Recent discoveries have revealed various key factors in maintaining the vicious circle of AD, associated with elevated activation of T lymphocytes, hyper-stimulating Langerhans cells, an abnormal cell-mediated immunity and an overproduction of IgEs by the B cells (Cooper, KID., “Atopic dermatitis: recent trends in pathogenesis and therapy”, J. Invest. Dermatol., 102:128-37, 1994). In-situ hybridization has revealed that, as compared to normal control skin or to the unaffected skin of AD sufferers, the acute and chronic lesions of the skin had a significantly greater numbers of cells which were positive for IL-4 and IL-5 mRNA (Hamid, Q., et al. “Differential in situ cytokine gene expression in acute versus chronic atopic dermatitis”, J. Clin. Invest., 94:870-6, 1994). These and other data suggest the activation of a selected population of T-helper cells which produce a type of Th2 cytokines related to IL-4 and IL-5 but not to IL-2 and interferon-γ (IFN-γ) in AD (Kagi, M.K., et al, “Differential cytokine profiles in peripheral blood lymphocyte supernatants and skin biopsies from patients with different forms of atopic dermatitis, psoriasis and normal individuals”, Int. Arch. Allergy Immunol., 103:332-40, 1994). The micro-organisms of the skin flora may also be a further stimulus for allergic reactions of the skin. Abnormal bacterial colonization of the skin is a typical characteristic of AD. Staphylococcus aureus (Staph. aureus) is the most common pathogen and in some cases an antimicrobial and antifungal treatment has proved useful (Ring, J., et al, “Atopic eczema: role of micro-organisms on the skin surface”, Allergy, 47:265-9, 1992).
Conventional therapy remains the mainstay of treatment of atopic dermatitis, but often proves unsatisfactory. New therapies based on the concepts outlined above are being tested in clinical trials, and for this purpose trials have been suggested with modifiers of the biological response such as interferon-γ, cyclosporin A, or thymopentin, administered parenterally (Cooper, KD., “Atopic dermatitis: recent trends in pathogenesis and therapy”, J. Invest. Dermatol., 102:128-37, 1994).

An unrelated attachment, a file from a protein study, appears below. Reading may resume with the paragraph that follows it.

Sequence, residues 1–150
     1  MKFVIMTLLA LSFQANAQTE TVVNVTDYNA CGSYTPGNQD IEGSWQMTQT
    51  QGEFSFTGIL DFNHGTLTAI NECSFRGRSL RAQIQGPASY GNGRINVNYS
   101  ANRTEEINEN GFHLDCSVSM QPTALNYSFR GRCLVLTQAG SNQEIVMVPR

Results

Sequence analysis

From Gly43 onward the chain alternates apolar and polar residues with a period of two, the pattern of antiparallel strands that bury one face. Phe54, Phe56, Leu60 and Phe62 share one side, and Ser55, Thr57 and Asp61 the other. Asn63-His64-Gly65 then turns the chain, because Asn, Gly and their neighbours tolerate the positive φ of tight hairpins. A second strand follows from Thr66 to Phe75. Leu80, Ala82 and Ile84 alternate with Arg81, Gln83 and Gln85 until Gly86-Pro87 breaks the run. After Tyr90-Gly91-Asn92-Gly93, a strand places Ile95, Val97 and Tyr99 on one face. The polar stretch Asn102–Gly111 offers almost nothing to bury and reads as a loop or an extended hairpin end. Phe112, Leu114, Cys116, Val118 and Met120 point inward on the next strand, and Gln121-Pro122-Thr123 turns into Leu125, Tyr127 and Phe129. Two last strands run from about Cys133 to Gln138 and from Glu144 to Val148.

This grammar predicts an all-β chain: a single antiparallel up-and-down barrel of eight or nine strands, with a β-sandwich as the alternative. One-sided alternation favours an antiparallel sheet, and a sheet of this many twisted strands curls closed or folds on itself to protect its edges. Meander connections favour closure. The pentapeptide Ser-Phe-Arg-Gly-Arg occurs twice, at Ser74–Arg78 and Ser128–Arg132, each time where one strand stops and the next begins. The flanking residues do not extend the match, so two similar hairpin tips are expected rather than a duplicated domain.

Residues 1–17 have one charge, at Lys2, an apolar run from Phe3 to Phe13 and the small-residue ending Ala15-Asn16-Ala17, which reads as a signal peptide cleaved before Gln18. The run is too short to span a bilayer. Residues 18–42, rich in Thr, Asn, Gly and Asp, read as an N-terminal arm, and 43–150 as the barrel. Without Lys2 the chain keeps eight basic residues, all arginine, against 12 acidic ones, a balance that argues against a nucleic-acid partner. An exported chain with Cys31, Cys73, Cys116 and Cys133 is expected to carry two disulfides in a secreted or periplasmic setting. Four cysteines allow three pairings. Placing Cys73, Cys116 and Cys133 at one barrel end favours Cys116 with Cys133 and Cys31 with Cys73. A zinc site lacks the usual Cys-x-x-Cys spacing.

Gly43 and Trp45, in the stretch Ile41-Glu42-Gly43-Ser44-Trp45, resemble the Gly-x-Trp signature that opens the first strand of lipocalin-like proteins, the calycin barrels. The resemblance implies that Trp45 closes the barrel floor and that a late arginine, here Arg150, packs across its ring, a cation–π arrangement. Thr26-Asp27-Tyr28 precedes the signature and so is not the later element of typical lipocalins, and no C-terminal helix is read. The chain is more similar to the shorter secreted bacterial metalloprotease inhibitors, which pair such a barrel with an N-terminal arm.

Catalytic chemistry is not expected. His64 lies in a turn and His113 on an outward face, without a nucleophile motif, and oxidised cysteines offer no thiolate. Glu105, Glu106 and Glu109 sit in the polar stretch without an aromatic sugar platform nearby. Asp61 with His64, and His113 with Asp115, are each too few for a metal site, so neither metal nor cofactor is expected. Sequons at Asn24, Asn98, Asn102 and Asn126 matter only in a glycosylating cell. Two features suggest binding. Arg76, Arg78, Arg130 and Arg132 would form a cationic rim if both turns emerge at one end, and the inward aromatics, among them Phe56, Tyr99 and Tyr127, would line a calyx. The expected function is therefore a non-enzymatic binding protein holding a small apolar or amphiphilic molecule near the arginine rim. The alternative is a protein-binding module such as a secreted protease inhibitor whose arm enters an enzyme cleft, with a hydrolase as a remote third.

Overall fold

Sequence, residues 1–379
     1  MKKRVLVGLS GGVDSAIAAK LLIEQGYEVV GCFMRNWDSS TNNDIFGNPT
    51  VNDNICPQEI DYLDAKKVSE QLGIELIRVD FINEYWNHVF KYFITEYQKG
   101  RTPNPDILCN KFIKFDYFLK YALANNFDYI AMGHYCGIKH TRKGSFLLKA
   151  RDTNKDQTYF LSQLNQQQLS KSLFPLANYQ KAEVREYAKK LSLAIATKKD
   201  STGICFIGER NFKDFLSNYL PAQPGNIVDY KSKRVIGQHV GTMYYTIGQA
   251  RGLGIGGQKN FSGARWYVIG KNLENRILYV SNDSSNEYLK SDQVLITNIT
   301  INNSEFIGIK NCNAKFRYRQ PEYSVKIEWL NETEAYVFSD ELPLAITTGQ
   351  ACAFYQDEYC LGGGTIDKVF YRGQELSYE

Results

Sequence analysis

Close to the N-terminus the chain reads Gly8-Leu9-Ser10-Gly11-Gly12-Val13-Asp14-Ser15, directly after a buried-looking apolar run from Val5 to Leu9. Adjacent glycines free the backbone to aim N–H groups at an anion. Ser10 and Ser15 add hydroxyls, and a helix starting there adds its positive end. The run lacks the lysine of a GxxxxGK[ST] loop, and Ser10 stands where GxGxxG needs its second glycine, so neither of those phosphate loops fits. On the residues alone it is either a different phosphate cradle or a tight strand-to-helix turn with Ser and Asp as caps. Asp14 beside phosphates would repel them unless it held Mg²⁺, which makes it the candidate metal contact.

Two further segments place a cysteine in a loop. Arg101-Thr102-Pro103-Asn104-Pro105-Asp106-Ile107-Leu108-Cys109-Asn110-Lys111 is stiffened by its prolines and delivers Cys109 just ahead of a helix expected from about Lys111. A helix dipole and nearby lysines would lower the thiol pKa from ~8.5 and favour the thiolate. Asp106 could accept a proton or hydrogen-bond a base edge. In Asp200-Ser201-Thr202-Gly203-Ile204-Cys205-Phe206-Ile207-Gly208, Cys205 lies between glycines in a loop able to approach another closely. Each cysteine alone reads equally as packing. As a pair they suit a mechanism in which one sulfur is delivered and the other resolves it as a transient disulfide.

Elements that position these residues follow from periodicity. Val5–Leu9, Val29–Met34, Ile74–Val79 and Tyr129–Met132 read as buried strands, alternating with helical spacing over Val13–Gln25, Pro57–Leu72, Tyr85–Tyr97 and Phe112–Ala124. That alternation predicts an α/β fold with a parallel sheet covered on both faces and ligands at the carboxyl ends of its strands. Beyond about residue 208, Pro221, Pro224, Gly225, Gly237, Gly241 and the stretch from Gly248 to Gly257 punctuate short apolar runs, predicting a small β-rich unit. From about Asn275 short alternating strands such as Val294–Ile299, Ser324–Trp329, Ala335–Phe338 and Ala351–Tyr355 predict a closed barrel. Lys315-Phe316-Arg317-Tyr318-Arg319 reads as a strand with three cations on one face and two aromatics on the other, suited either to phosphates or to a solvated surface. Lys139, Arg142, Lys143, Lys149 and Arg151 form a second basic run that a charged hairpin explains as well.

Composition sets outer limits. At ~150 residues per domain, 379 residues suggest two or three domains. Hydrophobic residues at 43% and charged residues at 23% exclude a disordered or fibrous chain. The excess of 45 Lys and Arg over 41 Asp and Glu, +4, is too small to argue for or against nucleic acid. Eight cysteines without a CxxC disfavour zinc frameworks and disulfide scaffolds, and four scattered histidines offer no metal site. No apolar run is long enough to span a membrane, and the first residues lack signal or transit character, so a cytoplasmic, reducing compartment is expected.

To date, the accepted use of IVIG and IMIG has been as antibody replacement in states of immunodeficiency to treat and/or prevent infectious diseases (Newland A.C., “The use and mechanism of action of intravenous immunoglobulin”, Br. J. Haematol., 72:301-5, 1989). In addition, there is increasing evidence that intravenous infusion of large amounts of polymeric immunoglobulin causes more than simple antibody replacement and may have a profound effect on the reticulendothelial system. IVIG and IMIG can alter the function of B and T lymphocytes and cause short-term blockade of phagocyte function with down-regulation of immunological activity (Newland, A.C., Macey et al, “Intravenous immunoglobulin: mechanism of action and their clinical application” in “Immunotherapy with intravenous immunoglobulins”, edited by P. Imbrach, Academic Press, London, 1991, pp. 14-25). It is conceptually important to note that, in numerous diseases, more than one mechanism of action is possible and that the therapeutic effect may be due to several concomitant actions rather than to any single mechanism. Nevertheless, the IVIG and IMIG preparations have been developed to date so as to allow systemic administration.
As regards skin diseases, an improvement in AD has been observed in patients suffering both from AD and from Kawasaki's disease or from idiopathic thrombocytopenia, but the immunoglobulins were administered, as usual, by the intravenous route and at high doses (Kimata, H., “High dose gammaglobulin treatment for atopic dermatitis”, Arch. Dis. Child., 70:335-6, 1994).
Surprisingly, however, it has now been found that G class immunoglobulins, and in particular IVIGs or IMIGs, in solution or in the form of ointments or gels, or in liposomes (or other formulations) at concentrations of 0.1-25% are potentially effective for the prophylaxis and treatment of AD or of other skin diseases characterized by a poorly regulated immune response and/or by abnormal bacterial, viral or fungal colonization.